If you feel pain or pressure on your knees as you sink back, place a folded blanket or a pillow behind your knees. You can also place a block between your ankles to lift your hips up but still allow you to rest. With each exhale, let your chest sink down towards the ground, resting either on your thighs or between your thighs if your knees are apart.
Breathe into this stretch for five deep breaths, then slowly rise up. Repeat for pain relief as needed, four to six times per day.
This spinal stenosis exercise can be completed standing, seated, or on all fours. Whichever you choose, let your breath initiate each movement.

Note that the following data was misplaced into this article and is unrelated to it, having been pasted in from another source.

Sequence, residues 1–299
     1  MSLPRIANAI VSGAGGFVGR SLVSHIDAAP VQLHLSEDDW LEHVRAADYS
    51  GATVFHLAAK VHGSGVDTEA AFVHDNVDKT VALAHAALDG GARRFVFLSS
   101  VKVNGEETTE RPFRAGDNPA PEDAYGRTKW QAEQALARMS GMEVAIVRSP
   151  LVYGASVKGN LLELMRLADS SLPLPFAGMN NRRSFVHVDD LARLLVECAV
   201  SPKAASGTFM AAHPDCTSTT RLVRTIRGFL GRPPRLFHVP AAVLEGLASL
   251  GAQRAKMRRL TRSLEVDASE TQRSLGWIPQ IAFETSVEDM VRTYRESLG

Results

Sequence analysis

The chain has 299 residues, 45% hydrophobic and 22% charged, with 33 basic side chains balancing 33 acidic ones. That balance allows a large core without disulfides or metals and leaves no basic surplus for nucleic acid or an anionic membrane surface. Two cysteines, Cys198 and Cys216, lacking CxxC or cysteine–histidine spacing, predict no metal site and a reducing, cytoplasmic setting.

Standing: Stand with feet slightly wider than hip’s width distance. Bend your knees slightly and place your hands just above your knees. On an inhale, push your sitting bones out behind you like you are trying to close a drawer as your chest comes forward between your arms and your raise your face to the sky. Exhale and drop your tailbone down, as you push out of your hands and arch your upper back like a Halloween cat.
Seated: Sit comfortably on a chair with feet flat on the ground, tailbone reaching down to the floor beneath the chair and crown of the head reaching to the sky. Place your hands on your knees, and on an inhale, stretch your sitting bones up and back as your chest reaches through your arms, curving your lumbar spine. Exhale and push away from your knees as you curl your tailbone under, arching your upper back.